As you know from our several in-depth discussions during the past year, my experience in public service has convinced me that inherent limitations in those political processes make the achievement of fundamental reform too dependent upon a crisis.

This results primarily from the essential but limited function of political parties and their candidates. Their basic function is to compete for the responsibility to govern. To win in this competition they must win elections. To do this they tend to avoid specific positions concerning, and discussion of, "life and death" issues in their formative and controversial stage for fear of offending uninformed voters and thus losing votes. As a result, elections and candidates seldom focus adequately on those vital issues concerning which the electorate must be knowledgeable if needed reform is to occur without a crisis.

To remedy this deficiency, the nation needs a coalition of concerned citizens dedicated to defining such issues, assembling the relevant, provable facts, identifying the alternate solutions or solution, and communicating their findings to the people. Such a body of truth seekers and communicators could create an enlightened electorate so that the parties and their candidates would find it to their advantage to seek voter support on the basis of the real issues rather than appealing to public and frequently superficial concerns of the moment.

Additionally, there is urgent need to stimulate voluntary and private problem solving in American life if the role of government is to be kept within the limits that will continue constitutional government that vests ultimate power and responsibility in the people themselves.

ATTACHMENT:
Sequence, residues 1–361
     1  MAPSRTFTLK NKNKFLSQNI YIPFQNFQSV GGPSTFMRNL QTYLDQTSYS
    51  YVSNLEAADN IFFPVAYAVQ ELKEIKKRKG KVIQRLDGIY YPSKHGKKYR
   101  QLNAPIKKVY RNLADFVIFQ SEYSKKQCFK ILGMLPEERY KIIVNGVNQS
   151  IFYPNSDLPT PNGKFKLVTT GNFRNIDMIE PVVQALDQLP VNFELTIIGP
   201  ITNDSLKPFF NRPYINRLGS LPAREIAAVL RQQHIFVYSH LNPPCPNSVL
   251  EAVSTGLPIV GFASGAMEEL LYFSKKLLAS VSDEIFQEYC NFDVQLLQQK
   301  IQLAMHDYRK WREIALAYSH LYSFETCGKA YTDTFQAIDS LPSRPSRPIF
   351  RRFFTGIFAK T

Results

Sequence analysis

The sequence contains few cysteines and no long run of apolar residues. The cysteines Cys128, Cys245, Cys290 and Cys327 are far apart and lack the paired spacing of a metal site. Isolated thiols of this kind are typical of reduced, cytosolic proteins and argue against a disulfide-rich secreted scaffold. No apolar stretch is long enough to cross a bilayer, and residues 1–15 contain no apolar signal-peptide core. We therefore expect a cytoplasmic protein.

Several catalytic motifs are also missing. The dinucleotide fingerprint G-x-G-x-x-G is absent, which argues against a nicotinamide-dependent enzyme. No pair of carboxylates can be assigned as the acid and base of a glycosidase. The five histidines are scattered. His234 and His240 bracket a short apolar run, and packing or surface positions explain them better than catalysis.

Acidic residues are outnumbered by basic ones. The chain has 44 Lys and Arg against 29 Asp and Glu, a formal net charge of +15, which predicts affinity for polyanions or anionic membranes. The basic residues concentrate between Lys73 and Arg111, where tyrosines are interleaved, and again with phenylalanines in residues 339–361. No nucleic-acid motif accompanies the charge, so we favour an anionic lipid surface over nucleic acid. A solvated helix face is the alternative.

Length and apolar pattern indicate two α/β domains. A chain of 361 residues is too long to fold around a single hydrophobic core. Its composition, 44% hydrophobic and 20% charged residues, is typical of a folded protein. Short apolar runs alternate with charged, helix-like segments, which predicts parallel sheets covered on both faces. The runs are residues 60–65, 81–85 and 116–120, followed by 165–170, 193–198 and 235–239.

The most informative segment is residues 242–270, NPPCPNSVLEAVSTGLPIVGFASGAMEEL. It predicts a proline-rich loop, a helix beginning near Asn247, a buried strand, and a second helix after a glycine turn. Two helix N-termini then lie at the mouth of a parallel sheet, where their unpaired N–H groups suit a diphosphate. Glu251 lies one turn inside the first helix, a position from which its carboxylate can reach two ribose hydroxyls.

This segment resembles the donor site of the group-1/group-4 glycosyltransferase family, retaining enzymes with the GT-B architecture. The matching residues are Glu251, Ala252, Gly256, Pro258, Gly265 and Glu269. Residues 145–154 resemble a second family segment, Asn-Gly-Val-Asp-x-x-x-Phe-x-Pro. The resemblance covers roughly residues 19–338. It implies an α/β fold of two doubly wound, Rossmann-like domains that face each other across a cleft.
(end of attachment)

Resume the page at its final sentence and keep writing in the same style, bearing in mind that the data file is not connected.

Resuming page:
As concerned as I am, I would like to be free to join others in organizing nationally for such purposes. I am convinced there is too much at stake to continue to risk our national future on achieving needed reform through successfully surviving the crisis solution process and the ever increasing reliance for problem solving on governmental action.

It is for these reasons that I submit my resignation as Secretary of the Department of Housing and Urban Development, to be effective at your pleasure. I believe I can be more helpful to you and the nation in such an effort. I am grateful for the encouragement you have given me with respect to this future activity.

Fortunately for all of us, your re-election by an historic margin opens up the opportunity not only to establish a generation of peace but to achieve actions as fundamental domestically as those you are achieving internationally.

With gratitude, admiration and prayerful support of your efforts.



[The President, The White House]

Richard Nixon, Letter Accepting the Resignation of George W. Romney as Secretary of Housing and Urban Development Online by Gerhard Peters and John T. Woolley, The American Presidency Project